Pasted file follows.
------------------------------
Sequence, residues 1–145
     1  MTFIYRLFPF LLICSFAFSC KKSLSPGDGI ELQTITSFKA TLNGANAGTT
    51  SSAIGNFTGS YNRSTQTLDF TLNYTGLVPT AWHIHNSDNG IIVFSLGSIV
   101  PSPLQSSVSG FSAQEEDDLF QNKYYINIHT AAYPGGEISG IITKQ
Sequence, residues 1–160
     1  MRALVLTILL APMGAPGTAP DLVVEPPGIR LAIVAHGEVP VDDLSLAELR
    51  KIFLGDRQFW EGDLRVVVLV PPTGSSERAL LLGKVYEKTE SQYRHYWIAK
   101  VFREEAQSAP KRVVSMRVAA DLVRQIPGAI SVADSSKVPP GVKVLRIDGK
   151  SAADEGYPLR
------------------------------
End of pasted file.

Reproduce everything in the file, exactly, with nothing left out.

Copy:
Sequence, residues 1–145
     1  MTFIYRLFPF LLICSFAFSC KKSLSPGDGI ELQTITSFKA TLNGANAGTT
    51  SSAIGNFTGS YNRSTQTLDF TLNYTGLVPT AWHIHNSDNG IIVFSLGSIV
   101  PSPLQSSVSG FSAQEEDDLF QNKYYINIHT AAYPGGEISG IITKQ
Sequence, residues 1–160
     1  MRALVLTILL APMGAPGTAP DLVVEPPGIR LAIVAHGEVP VDDLSLAELR
    51  KIFLGDRQFW EGDLRVVVLV PPTGSSERAL LLGKVYEKTE SQYRHYWIAK
   101  VFREEAQSAP KRVVSMRVAA DLVRQIPGAI SVADSSKVPP GVKVLRIDGK
   151  SAADEGYPLR